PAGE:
THE BLOG
11/15/2009 03:11 pm ET Updated Nov 17, 2011

Book Review: The Humans Who Went Extinct

One hundred and fifty-three years ago, in a quarry in the Neander Valley in Germany, quarry-workers stumbled on a strange skeleton. Local experts called it the skeleton of some diseased person, or maybe the bones of some foreign soldier (a Cossack?) who died on the spot in the Napoleonic War fifty years before. The skeleton remained a mere curiosity until similar bones were found in other places in Europe (and later also in Asia). The time was ripe. Darwin and his theory of evolution started making headlines three years after the find in the Neander Valley, and before long the bones were recognized by anthropologists as both human and not-human, a kind of human that came to be called the Neanderthals (or Neandertals).

So what happened to them? The fate of the Neanderthals of Europe and Western Asia has preoccupied our imaginations for more than a hundred years. Except for the religious fantasists who propose with no evidence that humans suddenly appeared on the planet five or six thousand years ago, every literate person on Earth understands that humans evolved from earlier creatures. The current idea in anthropology is that the Neanderthals had at least 200,000 years of successful adaptation to the various climates of northwestern Eurasia -- and then it appears they suddenly disappeared between 30,000 and 40,000 years ago, quickly replaced by modern humans.

The details are in science -- anthropology and the sciences relevant to it. Since anthropologists tell the human story based on available evidence, one can expect the story to change in minor ways from generation to generation as bits and pieces of bones and tools and geologic surroundings are carefully dug out of the ground and analyzed. Anthropology is the branch of science that studies the history of Man as a biological species, and what the anthropologists tell us is usually infinitely more important and interesting than anything coming out of the heads of fantasists or political pundits of the Right and Left.

The story of Man on Earth is not emphasized enough to our children. Our unique American intellectual tragedy is that of all Western countries we have the largest percentage of people who propose that modern humans essentially descended intact from the clouds (maybe by some celestial parachute floating down from Heaven). That's what The Descent of Man means to such fantasists. The proposal is not far from the idea that our planet is as flat as a pancake and resting on the backs of four turtles, one at each corner, the turtles half-asleep as they swim slowly through the Cosmos.

Physical anthropologists, the people who study human fossils (more than 400 Neanderthal fossils have been discovered), travel easily in geologic time. The rest of us too often forget that the proper time-frame for understanding humanity is maybe 20 million years: 10 million years in the past to 10 million years in the future. Prognosis is problematic, but one thing may be certain: in only a million years they will collect our skulls and call us Early Man.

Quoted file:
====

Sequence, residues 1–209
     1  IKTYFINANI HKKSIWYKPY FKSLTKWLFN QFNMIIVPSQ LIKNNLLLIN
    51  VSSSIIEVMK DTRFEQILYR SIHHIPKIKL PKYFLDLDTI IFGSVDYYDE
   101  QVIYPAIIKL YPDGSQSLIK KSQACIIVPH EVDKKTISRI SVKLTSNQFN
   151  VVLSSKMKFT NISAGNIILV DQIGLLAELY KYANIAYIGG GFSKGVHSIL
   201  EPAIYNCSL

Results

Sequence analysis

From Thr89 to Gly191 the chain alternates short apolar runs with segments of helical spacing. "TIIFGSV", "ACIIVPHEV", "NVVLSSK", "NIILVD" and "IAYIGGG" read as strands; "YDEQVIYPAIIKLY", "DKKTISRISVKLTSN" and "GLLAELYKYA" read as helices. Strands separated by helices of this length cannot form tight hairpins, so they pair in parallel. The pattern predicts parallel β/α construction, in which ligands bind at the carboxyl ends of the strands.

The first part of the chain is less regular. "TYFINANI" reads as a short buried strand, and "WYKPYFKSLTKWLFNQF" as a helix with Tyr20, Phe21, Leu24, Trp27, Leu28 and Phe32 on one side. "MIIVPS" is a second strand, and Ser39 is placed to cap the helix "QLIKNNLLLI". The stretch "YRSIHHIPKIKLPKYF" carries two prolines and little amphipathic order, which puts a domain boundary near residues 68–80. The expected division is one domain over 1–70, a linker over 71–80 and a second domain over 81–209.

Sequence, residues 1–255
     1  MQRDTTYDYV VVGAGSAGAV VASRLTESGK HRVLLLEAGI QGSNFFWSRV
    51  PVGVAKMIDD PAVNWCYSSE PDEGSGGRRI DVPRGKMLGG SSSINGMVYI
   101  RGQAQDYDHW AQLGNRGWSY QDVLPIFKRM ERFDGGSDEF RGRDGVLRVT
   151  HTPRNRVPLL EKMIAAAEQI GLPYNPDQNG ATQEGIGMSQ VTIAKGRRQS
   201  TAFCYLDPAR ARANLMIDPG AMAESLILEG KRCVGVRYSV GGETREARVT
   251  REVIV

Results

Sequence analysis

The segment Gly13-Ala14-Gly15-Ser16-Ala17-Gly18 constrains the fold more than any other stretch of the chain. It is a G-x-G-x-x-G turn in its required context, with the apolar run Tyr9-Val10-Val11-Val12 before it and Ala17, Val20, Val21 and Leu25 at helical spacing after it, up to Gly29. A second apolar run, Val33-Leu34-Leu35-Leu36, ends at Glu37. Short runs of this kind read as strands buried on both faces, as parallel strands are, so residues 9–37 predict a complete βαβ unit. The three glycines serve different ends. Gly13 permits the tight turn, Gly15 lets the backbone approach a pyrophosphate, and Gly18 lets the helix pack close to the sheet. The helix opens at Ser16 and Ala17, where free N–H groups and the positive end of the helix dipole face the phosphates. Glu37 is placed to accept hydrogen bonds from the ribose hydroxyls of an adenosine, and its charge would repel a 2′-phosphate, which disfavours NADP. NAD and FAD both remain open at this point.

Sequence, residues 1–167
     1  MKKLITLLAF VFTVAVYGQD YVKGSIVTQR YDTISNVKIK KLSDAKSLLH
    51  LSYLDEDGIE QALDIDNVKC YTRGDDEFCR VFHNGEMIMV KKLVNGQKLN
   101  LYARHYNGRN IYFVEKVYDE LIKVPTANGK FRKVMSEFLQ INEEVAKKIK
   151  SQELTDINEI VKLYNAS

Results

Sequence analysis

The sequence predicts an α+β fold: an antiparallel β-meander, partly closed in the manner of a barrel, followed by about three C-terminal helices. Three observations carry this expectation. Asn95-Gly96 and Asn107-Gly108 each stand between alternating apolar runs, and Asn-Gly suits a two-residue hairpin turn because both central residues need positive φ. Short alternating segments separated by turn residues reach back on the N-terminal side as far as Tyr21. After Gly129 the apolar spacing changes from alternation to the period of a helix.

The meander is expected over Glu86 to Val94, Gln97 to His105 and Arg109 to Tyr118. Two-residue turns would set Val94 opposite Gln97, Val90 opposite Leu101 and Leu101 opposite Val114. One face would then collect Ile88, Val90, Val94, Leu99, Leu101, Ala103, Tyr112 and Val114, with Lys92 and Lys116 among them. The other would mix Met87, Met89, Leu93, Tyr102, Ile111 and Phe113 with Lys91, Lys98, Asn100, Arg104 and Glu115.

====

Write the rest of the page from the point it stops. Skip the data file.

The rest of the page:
But for us now, in our own era, the Neanderthals are Early Man (or Early Pre-Man), and knowing about them is like knowing about the early childhood of our species. Truly, knowing about our early childhood is essential to knowing what we are.

So we have the question: What happened to the Neanderthals? It's a puzzle in the human story. Clive Finlayson is a biologist and anthropologist who spends his days digging out Neanderthal bits and pieces in a cave in Gibraltar -- Gorham's Cave -- a cave believed to be the last Neanderthal site on the planet. The Neanderthals went extinct, and Finlayson has written a fascinating new book about what may have happened.

Finlayson also has some electrifying ideas about what will happen when our own civilization will suffer apparently inevitable economic and social collapse. He writes as follows:

"And when it all comes tumbling down, who will survive? There is enough in our story to suggest it will not be those of us in the comfort zone, the auto-domesticated slaves of electricity, motor cars, and cyberspace, who would not last more than a few days without supporting technology ... The innovators will once again win when the rapid and powerful perturbation that will be economic and social collapse, generated by the conservatives themselves, will ironically mark their own downfall. And evolution will take another step in some as yet unknown direction."

Strong words -- an apocalyptic vision that puts a chill down one's back. But a book that makes you think remains one of the reasons to get up in the morning. Have a look at this one.

[Clive Finlayson: The Humans Who Went Extinct: Why Neanderthals Died Out and We Survived. Oxford University Press, 2009]